Brucellosis is the most prevalent disease transmitted from animals to people in Mongolia. SDC’s Animal Health Project supported the Government of Mongolia in establishing a monitoring system for brucellosis control. Under this system, the quality of the livestock vaccination campaign is monitored and people are tested for brucellosis, making it possible to assess the long-term impact of the campaign. In the past three years, trainings have been been conducted for more than 50 veterinarians and physicians in all aimags, and the study protocol has been tested in all regions.
“Onsite Insights” looks deeper into brucellosis and its impact on livestock and people.
“I have been a victim of brucellosis for many years as a result of my occupation”
71-year-old J. Tserenbat is a former veterinarian who has suffered from brucellosis for many years. “This is a very horrible disease. You experience terrible headaches; your arms and legs and basically your whole body aches from pain,” he said. “One day your left arm aches, the next day your right one aches.”
He was first diagnosed with brucellosis in 1976 when he was working as a veterinarian in Gurvansaikhan soum in Dundgovi aimag. He had been perfectly healthy when he first began working as a vet, but after several years he began to have problems, which was when the brucellosis diagnosis was made. “Back then, we didn’t have any occupational tools to prevent ourselves from being infected when treating sick animals. That’s why I’m suffering from this disease.”
He has lost more than 80 percent of his working ability due to brucellosis. “What’s most terrible about brucellosis is that it affects all your inner organs. There’s hardly anything healthy left in my body.”
Dr D. Enkhbayar, Head of Mongolia’s Zoonosis Surveillance Department of the National Centre for Zoonotic Diseases, explains how brucellosis is transmitted and the harm it causes humans
Mongolia is rich with livestock – it’s the very basis of our livelihoods. Brucellosis is a zoonotic disease that is transmitted from animals to humans. If livestock are infected with brucellosis, many people – herders, vets and the people who process livestock products – can become infected. Mongolia is among those countries with the highest rate of human brucellosis infection in the world.
Brucellosis is a chronic disease which causes neurological and joints complications and internal organ disorders. It’s caused by the bacteria Brucella. It doesn’t directly affect the brain or nervous system and it doesn’t immediately elicit symptoms. It slowly causes chronic infection because it is located in the fluids of joints.
Symptoms include a high and prolonged fever, lethargy, sweating, and different complications in internal organs. Livestock brucellosis causes miscarriages in female livestock and orchitis in male animals. It also leads to infertility and decreases overall livestock productivity.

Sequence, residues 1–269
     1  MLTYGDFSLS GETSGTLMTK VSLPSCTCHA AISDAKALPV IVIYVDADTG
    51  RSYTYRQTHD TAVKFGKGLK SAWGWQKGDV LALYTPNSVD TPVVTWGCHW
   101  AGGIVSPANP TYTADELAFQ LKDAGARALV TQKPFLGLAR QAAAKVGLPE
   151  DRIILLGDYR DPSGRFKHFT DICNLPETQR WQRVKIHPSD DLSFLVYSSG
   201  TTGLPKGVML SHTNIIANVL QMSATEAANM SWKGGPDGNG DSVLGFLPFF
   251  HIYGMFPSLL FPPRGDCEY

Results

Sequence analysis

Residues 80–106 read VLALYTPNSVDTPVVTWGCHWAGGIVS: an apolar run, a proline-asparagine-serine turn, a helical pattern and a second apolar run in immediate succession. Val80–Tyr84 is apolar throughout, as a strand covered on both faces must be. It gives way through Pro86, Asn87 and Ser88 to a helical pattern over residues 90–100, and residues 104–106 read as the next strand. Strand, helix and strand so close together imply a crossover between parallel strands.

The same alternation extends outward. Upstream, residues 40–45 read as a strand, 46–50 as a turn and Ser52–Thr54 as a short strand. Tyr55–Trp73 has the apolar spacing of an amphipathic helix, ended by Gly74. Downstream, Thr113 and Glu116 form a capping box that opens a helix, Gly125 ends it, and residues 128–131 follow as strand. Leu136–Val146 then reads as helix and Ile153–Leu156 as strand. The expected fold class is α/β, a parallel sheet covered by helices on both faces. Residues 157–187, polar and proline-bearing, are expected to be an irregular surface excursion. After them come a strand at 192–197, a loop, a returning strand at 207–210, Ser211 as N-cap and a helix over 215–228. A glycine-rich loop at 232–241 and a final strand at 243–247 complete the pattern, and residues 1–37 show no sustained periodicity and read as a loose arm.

People usually become infected when they handle aborted livestock fetuses, placenta and fluid, and during slaughtering. Human brucellosis is sometimes overlooked and is hence not diagnosed. Most of those infected never seek medical assistance and try to treat themselves at home. People usually seek medical help when the disease has already begun to affect their joints. However, the good news is that brucellosis is curable and will not reoccur if a person doesn’t again come into contact with infected animals. However, if it becomes chronic, it’s hard to get rid of it completely. An important message is that it’s possible to prevent human brucellosis simply by observing basic hygiene practices after handling livestock products.
S. Batkhuyag, an officer at the Veterinary and Animal Breeding Agency in charge of projects, programmes and the brucellosis laboratory, explains current state policy on the elimination of brucellosis in Mongolia
A new strategy for the control and eradiction of animal brucellosis until 2021 has been developed in Mongolia. The main purpose of this strategy is to fight the infection through the vaccination of livestock, particularly young animals, and to ensure that people are taking appropriate preventive measures. Since 2011, all cattle, sheep and goats have been vaccinated at least once during mass vaccination campaigns within the framework of the “Mongolian Livestock Program” in order to fight brucellosis infection. The most effective method is the annual vaccination of all young animals using Mongolian-produced vaccinations.
In past three years, post- vaccination sero-monitoring has been implemented through collaboration with SDC’s Animal Health Project. This has ensured that brucellosis vaccinations are well monitored and that medical experts are able to determine the prevalence of brucellosis among the population. The Animal Health Project has developed a surveillance model to monitor and evaluate of the effectiveness of the brucellosis vaccination campaign.